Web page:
Faith can’t help but inform politics, governor tells teens


Alaska Governor Sean Parnell spent the better part of an hour fielding questions about his Christian faith from Catholic teens during last month’s Alaska Catholic Youth Conference (ACYC) in Anchorage.

Invited by Alaska’s Catholic bishops to participate at this year’s ACYC, Parnell accepted and spoke candidly about how faith and political leadership have shaped his life.

Standing before a packed crowd at St. Benedict Church on June 3, Parnell first praised the youth for taking time out of their summer to “learn how to connect with those things that are truly important. Not only for your life but for the life of this state.”

A Protestant Christian with a history of backing pro-life laws and defending religious liberty and traditional marriage, Parnell acknowledged that standing before nearly 300 Catholic teens to talk about his faith was unusual.

“As governor I get a chance to speak in lots of different venues, lots of places,” he said. “But I don’t often get to speak directly to what I’ve been asked to speak to today.”

He began by reminding attendees that his participation at ACYC was an expression of his constitutional rights.

“How many of you have ever heard of the First Amendment?” he asked, before explaining that it contains the guarantee that “you can freely exercise your faith in our great state.”

The second clause of the first amendment is the establishment clause, he noted: “It means that your government cannot establish a religion for the people.”

“I’m going to speak to you today, as the man Sean Parnell who is freely exercising his religion. I’m not attempting to establish a faith.”

From there, the governor opened the gathering up for questions.

“Who has had the greatest influence on your faith?” one teen asked.

Parnell: “I didn’t know it at the time but my dad.”

He explained that his mom was a devout Catholic and that he and his brother were baptized Catholic. His father, however, who was raised Lutheran was not interested in religion, particularly Catholicism.

He said that when he was about eight years old his mom made a difficult decision to attend the Lutheran church in hopes of saving her marriage and wooing Parnell’s father to become actively involved in the family’s faith life.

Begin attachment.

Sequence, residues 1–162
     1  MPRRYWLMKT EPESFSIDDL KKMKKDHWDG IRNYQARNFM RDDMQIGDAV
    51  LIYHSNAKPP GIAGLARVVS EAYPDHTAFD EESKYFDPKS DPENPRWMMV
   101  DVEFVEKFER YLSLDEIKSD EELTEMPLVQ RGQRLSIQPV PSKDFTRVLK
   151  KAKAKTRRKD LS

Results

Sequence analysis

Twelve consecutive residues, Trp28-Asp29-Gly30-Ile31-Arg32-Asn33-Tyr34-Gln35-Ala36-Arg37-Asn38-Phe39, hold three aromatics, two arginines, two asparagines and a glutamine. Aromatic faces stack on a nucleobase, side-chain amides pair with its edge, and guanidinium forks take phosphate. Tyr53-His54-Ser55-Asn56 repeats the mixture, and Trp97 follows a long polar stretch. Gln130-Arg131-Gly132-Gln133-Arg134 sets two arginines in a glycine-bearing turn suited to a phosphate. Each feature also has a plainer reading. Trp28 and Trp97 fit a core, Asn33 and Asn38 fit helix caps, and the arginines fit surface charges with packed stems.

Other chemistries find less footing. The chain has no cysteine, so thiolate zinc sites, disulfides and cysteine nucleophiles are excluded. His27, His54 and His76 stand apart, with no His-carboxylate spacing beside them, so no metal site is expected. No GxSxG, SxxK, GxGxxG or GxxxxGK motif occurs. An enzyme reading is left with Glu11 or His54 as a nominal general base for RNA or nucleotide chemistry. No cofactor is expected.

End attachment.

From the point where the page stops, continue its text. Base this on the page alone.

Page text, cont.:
“He came back to church, and a man befriended him who was a true follower of Christ,” Parnell said of his father’s ultimate return to church.

“He had been kind of an angry, upset man,” Parnell added. “He had a rough childhood. But I saw a complete change in my dad. He lost his anger, there was just a peace and a calm that came over him and that so changed our home life that I saw that following Jesus Christ could be real. That sparked my faith journey. He was one of the most influential men.”

“How does your faith determine decision-making in government?,” another teen asked.

“It means that not only do our founders honor our inalienable right to life, liberty and the pursuit of happiness, but we actually live that out through policy,” Parnell answered, “and focus on preservation of life and individual liberty rather than government making those determinations.”

One teen asked how the governor keeps his religious beliefs separate from his political determinations. Parnell said he doesn’t.

“You make an assumption that you do, but if my religious belief tells me to be honest and tell the truth because that’s part of Scriptural direction, how can I separate that from what I do?” he observed.

Parnell clarified that he doesn’t “sit in the office and go through scriptural principles in light of the decisions I’m making.” Internally, though, religiously informed moral beliefs are “all part of who I am in my faith and that gets played out in the public arena,” he added.

In response to a question about whether he has a favorite devotion or Scripture, Parnell cited the Psalms.

In particular he listed what some have coined the “Psalms of Accent,” those passages that show King David’s progression from despair to faith.

“If you read those Psalms you can see a progression in your life, from being absolutely without God and without hope,” Parnell said. “But the nearer you draw to him you realize, ‘Wait a minute, I’m valuable, God made me for a purpose, he’s with me.’”

When asked about the biggest threats to religious liberty and the free exercise of religion in Alaska, Parnell said it comes down to “just a lack of tolerance.”

“It really comes down to individual respect,” he said. “I cannot expect somebody to want to live their life the way I live. I want to compel them to do so by how attractive Christ is to me, not by forcing them to do this.”

He added: “I also want the other side — that would like to deprive us of religious liberty — to have that same respect for those of us who will freely exercise our religious beliefs. It comes down to respecting other people.”

'Faith can’t help but inform politics, governor tells teens'
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